Easy Holiday Entertaining

If the holidays fill you with a certain kind of terror associated with the hassle of planning elaborate gatherings, yet you still find yourself wanting to host an event at home, look no further than the inspired option of a cheese-tasting party. Filled with the celebration and festivity of the season, but among the simpler gatherings you can plan, cheese-tasting parties allow you to set the pace according to your own appetite for complexity.

A cheese-tasting party can be as simple as a handful of complementary cheeses, some fruit (fresh and/or dried), some nuts (candied, spiced, or plain), and some cured meats and/or olives. I usually prefer to add a couple of bottles of wine (one red and one white) for enjoying alongside my offerings. You can, of course, opt to make fancy appetizers and snacks to accompany the cheese or even opt for special cheese-centric offerings that blend chilled and warmed items. But my point in this article is that you can throw together an event with little warning and still have a memorable time with family and friends.

One of my favorite ways to begin is by choosing a generous cutting board and setting a different kind of cheese at each of the corners of the board and maybe a fifth variety at the center. Make sure you opt for something soft and creamy (like brie), something tangy (like chèvre), a hard cheese (like aged parmesan), a sharp cheese (like sharp cheddar), and maybe a smoked variety or a sheep's milk cheese. Variety is fun and this is a great time to showcase fun flavors. Between the cheeses, I tend to group my other offerings. Some favorites include dried apricots, herb-marinated kalamata olives, hard salami, candied pecans, and fresh red grapes. Really, though, choose what you'd like. Do you make the world's most amazing pickled beans? Get them out there! Do you swoon whenever garlic pistachios are nearby? Well, don't keep them to yourself! You get the idea.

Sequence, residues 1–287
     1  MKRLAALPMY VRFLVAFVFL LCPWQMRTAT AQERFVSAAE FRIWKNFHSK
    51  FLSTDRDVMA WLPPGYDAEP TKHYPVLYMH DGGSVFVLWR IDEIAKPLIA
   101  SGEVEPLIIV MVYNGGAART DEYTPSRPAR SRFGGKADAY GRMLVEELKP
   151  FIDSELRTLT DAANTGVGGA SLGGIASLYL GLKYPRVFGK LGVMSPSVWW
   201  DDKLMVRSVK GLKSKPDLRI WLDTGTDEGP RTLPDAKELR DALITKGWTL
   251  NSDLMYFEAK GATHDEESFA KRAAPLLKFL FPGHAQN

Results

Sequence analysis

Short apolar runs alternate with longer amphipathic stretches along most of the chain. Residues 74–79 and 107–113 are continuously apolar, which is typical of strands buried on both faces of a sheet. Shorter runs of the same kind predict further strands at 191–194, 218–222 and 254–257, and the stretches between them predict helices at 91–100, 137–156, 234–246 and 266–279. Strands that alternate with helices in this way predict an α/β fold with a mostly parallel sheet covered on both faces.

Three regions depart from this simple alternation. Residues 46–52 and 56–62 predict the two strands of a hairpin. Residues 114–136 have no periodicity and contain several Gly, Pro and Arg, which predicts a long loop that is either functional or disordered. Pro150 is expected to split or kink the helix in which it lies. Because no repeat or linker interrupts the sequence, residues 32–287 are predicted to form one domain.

Make sure you have enough small plates for each of your guests to lay claim to one. Refilling your tasting plate at an event like this is not only fine, but encouraged. And make sure you do the same with wine glasses. You may wish to provide an extra pitcher with water for rinsing glasses and otherwise having a glass between servings of wine. While not required, it can also be fun to provide small sheets of paper with notes about the different cheeses, accompanying foods, and wine selections. If you do that, be sure to leave room on the paper for extra notes and provide pens or pencils for your guests. Having gone to and hosted several events like this, I can attest to the value of taking notes and have found new favorites this way.

And before I leave you to plan your cheese options, let me share my favorite part about hosting a cheese-tasting party: the mac 'n cheese a couple of days later. I've even been known to host a mac 'n cheese lunch with a subset of the cheese-tasting party guest list shortly after the first event. It's always a hit and you can blend leftover cheeses to make a sauce or make several kinds of sauce and let your friends dress their noodles according to their tastes! What's not to love about a 2-for-1 holiday event?